A head-mounted information appliance has lots of advantages over a handheld appliance. It leaves your hands free. It's always available. It can tell which way your head is turned, and eventually which way your eyes are turned. It is positioned near your eyes, mouth, and ears.

Here are a couple of possible applications:

If the glasses can turn opaque in spots, then you could set them to block out ads or replace text with translated or annotated text. To do this smoothly would require good head tracking, but micro-accelerometers should be useful there.

You could send voice messages to friends simply by speaking: voice activated audio instant messaging. Maria says, "Tell Chris don't forget to pick up the milk." And then my headset says, "Maria says, 'don't forget to pick up the milk'" with the first two words synthesized and the rest in her voice. You could carry on conversations with a dozen people at once, in a dozen cities around the world. This could be done today. With video-integrated headset, instead of "Tell Chris," it could be "Show Chris" and I'd see (and hear) whatever my friend was looking at.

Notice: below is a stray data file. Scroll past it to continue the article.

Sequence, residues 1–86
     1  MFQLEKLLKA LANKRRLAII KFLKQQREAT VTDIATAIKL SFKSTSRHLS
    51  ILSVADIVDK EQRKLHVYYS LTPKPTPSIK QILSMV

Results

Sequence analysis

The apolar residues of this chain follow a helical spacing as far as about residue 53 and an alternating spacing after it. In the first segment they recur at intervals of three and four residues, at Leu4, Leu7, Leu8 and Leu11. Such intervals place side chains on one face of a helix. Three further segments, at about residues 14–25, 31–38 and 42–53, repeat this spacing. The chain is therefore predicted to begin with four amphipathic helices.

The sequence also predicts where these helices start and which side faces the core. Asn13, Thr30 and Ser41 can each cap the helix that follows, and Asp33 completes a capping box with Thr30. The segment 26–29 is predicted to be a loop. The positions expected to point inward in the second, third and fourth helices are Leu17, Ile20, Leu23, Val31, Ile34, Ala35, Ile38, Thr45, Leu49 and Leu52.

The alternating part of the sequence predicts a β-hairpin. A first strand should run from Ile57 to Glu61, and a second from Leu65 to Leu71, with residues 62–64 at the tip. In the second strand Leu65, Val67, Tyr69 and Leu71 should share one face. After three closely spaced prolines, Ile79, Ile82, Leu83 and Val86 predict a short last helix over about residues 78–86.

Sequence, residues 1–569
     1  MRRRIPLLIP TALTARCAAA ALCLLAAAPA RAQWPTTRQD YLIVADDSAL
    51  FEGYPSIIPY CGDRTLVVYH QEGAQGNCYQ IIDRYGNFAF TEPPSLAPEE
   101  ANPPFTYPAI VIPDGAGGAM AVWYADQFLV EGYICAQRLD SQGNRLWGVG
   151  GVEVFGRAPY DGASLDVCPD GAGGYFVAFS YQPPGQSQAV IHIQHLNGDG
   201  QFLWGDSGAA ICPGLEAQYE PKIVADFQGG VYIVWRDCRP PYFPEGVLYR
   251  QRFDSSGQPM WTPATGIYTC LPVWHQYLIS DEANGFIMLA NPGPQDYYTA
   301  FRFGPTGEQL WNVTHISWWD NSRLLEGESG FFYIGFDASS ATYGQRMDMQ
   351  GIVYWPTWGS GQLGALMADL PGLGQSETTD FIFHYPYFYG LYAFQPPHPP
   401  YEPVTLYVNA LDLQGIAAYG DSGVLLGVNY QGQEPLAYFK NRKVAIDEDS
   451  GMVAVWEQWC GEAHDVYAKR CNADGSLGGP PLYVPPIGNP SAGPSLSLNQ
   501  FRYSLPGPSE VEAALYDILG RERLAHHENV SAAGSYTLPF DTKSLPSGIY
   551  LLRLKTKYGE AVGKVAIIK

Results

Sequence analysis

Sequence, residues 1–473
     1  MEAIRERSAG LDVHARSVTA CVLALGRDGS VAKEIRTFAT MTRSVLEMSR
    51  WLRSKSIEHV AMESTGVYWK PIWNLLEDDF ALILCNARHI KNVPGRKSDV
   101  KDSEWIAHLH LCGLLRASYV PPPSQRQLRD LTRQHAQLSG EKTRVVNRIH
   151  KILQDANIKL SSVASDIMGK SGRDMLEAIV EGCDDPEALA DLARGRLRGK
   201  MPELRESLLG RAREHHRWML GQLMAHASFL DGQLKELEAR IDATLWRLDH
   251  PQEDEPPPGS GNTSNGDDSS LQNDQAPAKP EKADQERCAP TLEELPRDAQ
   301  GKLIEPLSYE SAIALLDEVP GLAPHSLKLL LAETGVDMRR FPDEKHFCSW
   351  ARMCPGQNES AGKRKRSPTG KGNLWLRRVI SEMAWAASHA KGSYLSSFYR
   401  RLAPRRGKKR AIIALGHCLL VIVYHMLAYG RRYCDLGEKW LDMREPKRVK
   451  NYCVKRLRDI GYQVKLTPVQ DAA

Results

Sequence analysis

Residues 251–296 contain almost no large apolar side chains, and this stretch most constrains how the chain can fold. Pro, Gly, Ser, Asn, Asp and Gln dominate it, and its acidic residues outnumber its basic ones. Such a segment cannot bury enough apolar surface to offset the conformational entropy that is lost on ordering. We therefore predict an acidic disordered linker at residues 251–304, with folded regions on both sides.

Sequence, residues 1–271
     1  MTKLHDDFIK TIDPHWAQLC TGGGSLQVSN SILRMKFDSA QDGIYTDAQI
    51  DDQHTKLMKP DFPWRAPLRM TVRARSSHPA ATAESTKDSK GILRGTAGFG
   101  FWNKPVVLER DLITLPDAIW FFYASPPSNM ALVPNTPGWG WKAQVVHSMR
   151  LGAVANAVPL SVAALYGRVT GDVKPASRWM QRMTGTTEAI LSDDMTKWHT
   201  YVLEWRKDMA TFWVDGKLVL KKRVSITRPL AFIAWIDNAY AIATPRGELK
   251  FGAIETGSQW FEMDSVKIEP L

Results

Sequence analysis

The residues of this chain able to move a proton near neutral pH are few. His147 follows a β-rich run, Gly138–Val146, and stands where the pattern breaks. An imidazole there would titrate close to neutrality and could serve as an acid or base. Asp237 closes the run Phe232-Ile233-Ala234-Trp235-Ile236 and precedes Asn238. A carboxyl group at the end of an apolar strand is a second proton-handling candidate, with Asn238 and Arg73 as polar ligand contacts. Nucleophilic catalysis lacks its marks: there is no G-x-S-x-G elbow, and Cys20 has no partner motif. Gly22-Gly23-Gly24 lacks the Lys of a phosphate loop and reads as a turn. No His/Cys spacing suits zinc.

I'd like to predict that we will be able to carry on natural-language conversations with Google. I hesitate to predict that we'll be doing it within ten years, because I think it relies on technology that doesn't exist yet. Either automated text-to-knowledge conversion, or the web moving beyond un-annotated text--both of which "should" happen sooner than they will.


Tom Craver

Maybe "normals" will get used to it - we're starting to get used to seeing people wandering around apparently talking to themselves (using cellphones with a headset). With video glasses, we'd see them wandering around, apparently seeing and interacting with things that aren't there...

It would help if the front of the glasses were nearly perfectly invisible - made of clear "glass" with an index of refraction very close to air, at least on all edges.

While we may not have full natural language conversations with Google, conversational commands over a limited set of functional domains should be practical - search, define, translate, record, communicate, control, etc. We already have something fairly close for phone airline reservations and other systems.

Dimitar Vesselinov

Blogging in Virtual Reality

Chris Phoenix, CRN

Thanks, Dimitar. I'm not sure I agree that blogs will be based on gaming tech; that sounds more like a chat or maybe podcast than a blog. Thing is, video isn't searchable or time-compressable. It may be that by 2015 it will be, but maybe not; that'd be pretty AI-ish by today's standards.

The article on past and future computing power that was in one of the comments to your post is also worth reading:


If trends continue, in ten years we'll be able to buy 1000 GHz machines (split among tens of cores), terabytes of ram, and petabytes of disk. Who'd need that? Well, in 1996, a "Dream Machine" had a whopping 32 meg of ram and a 2 gig disk.

And the Web is already several petabytes.